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  Geotimes - April 2008 - Pumping iron in Peru
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Pumping iron in Peru

Ancient hematite mine
Matthew Edwards
Light shines through the entrance to an ancient hematite mine in Peru.

Ancient civilizations in Peru mined silver, gold and copper long before the Spanish arrived, smelting the metals to create ceremonial knives and breathtaking adornments. They also gathered iron ore, but for a different purpose: to color their clay pottery. Now archaeologists have uncovered the source of some of that pigment — a 2,000-year-old hematite mine in the foothills of the Peruvian Andes.

“A lot of the pre-Columbian ceramics that you see are going to have sort of a rusty brown color,” says William E. Brooks, a mineral commodity specialist at the U.S. Geological Survey in Reston, Va., who was not involved in the study. “That’s exciting because it’s probably from a mine like this.” Previous research showed that the red paints used on many of these pots are rich in iron, but until now archaeologists could only speculate about the source of the mineral.

The hematite mine, called Mina Primavera, first came to the attention of Kevin Vaughn, an archaeologist at Purdue University in West Lafayette, Ind., a few years ago. With the help of Peruvian miners, he and his colleagues located the entrance to the mine and began excavating the floor, unearthing pottery shards, corn cobs, bits of shell, beads and textiles. They also found several stained depressions on the mine floor that appear to be the mortars where the ore had been ground into pigment. Vaughn estimated the age of the mine by closely examining the pottery, and radiocarbon dating of the corn cobs confirmed that the mine had been used during the first few centuries A.D. by the Nasca people (also spelled Nazca) and later, until A.D. 1500, by other cultures.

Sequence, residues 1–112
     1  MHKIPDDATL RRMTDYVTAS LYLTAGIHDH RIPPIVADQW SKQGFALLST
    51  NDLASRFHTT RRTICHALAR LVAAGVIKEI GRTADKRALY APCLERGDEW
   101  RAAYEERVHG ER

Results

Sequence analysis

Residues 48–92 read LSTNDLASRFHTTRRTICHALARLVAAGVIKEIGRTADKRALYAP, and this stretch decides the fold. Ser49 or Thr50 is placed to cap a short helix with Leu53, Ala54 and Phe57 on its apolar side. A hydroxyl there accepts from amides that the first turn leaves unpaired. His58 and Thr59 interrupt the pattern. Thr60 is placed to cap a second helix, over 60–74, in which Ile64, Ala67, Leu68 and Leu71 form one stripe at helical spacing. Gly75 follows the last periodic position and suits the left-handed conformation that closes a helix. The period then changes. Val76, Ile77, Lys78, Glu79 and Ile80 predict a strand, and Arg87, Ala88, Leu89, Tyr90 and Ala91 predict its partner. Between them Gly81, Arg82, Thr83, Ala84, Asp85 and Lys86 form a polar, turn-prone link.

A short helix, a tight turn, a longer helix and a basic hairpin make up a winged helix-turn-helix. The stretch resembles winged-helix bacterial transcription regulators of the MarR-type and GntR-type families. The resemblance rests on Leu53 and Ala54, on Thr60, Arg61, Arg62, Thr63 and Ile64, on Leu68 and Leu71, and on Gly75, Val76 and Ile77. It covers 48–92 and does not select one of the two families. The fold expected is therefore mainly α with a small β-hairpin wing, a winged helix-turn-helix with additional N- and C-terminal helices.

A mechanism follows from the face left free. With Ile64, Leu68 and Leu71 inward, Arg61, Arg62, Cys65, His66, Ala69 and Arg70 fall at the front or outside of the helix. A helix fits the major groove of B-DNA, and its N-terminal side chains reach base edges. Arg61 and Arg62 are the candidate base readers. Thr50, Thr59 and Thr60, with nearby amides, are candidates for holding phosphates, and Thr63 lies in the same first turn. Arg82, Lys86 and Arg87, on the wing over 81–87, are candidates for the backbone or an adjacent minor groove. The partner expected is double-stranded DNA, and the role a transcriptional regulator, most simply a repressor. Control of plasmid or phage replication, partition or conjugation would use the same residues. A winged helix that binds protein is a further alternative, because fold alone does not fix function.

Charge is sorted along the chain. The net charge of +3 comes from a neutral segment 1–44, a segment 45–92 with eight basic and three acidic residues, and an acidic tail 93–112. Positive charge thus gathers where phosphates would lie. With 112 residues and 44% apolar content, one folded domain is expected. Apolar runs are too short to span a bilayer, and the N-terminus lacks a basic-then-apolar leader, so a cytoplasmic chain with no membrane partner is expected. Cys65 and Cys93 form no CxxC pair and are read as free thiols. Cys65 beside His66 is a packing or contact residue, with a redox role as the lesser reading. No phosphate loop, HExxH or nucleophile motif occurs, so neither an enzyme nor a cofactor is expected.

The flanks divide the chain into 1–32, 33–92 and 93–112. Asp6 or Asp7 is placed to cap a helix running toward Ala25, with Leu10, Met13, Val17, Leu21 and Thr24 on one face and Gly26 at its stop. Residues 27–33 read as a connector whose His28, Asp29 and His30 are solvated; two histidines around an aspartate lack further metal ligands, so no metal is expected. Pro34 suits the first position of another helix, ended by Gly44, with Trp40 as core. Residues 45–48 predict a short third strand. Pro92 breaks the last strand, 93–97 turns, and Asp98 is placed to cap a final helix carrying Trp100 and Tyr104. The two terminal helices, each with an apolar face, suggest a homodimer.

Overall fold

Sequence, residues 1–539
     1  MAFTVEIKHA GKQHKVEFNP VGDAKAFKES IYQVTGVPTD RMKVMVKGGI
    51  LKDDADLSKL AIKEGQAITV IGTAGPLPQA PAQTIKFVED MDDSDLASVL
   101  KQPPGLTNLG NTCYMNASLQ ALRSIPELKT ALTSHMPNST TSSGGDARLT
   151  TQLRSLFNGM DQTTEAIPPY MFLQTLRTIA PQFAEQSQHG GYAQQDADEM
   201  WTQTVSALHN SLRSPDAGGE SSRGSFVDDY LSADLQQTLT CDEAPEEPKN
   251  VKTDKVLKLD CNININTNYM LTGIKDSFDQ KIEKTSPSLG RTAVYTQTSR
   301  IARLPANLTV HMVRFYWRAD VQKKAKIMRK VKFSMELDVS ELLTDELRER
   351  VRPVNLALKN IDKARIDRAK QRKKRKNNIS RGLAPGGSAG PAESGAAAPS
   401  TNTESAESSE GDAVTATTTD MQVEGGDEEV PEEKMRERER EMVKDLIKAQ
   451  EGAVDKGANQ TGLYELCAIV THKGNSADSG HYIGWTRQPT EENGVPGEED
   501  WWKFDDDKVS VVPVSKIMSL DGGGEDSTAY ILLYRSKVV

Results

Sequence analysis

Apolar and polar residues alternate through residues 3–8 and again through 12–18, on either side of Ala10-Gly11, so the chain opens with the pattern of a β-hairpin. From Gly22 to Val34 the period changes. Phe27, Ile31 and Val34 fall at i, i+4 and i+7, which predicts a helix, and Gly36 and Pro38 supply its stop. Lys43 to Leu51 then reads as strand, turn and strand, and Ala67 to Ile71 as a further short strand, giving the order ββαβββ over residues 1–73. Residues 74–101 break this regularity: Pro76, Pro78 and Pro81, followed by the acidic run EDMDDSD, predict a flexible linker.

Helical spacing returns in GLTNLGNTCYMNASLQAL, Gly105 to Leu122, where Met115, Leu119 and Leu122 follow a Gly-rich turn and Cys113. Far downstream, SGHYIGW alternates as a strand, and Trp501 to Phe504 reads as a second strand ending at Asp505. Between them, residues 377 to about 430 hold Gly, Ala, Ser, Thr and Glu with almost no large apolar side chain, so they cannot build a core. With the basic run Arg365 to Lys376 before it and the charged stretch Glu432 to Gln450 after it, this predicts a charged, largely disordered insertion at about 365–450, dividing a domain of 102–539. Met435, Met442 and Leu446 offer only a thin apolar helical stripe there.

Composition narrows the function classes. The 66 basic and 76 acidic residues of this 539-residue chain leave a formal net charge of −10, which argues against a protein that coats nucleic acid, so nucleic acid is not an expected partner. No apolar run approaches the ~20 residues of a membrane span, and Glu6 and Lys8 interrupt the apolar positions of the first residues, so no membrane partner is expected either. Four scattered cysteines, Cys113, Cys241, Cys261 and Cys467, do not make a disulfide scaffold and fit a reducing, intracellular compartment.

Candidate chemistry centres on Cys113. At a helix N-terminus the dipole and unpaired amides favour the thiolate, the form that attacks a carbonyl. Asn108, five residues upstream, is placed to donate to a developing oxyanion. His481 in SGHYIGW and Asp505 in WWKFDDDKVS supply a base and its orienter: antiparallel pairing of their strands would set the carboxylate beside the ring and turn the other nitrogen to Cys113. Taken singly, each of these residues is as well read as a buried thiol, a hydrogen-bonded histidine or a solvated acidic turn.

Kevin Vaughn holds a pottery fragment
Purdue News Service photo/David Umberger
Kevin Vaughn holds a pottery fragment he discovered at
Mina Primavera.

For the past six years, Vaughn has been trying to better understand how the Nasca — famous for their colossal drawings of animals and geometric shapes that are only visible from the sky — manufactured clay pottery and what role it played in their daily lives. “For this particular culture, multi-color pottery was very important,” he says. So he and his colleagues are working to identify sites where the Nasca acquired the necessary raw materials, including the colorful paints.

“About 2,000 years ago, people [in South America] stopped using organic dyes on pottery and they started to use mineral based pigments,” Vaughn says. Colored minerals can be painted on pottery before it’s fired in a kiln, so they last much longer than organic paints, he says. But until now, no ancient iron pigment mines had ever been found. “It’s the only iron ore mine with clear evidence for pre-Hispanic activity,” Vaughn says.

Vaughn and his colleagues, who published their discovery in December’s Journal of the Minerals, Metals & Materials Society, estimate that, over the course of 1,400 years, 3,710 metric tons of hematite were removed using rough stone axes and hammerstones.

“They needed mineral pigments to decorate the various parts of their lives,” Brooks says. “An incredible economy was going on.”

Cassandra Willyard

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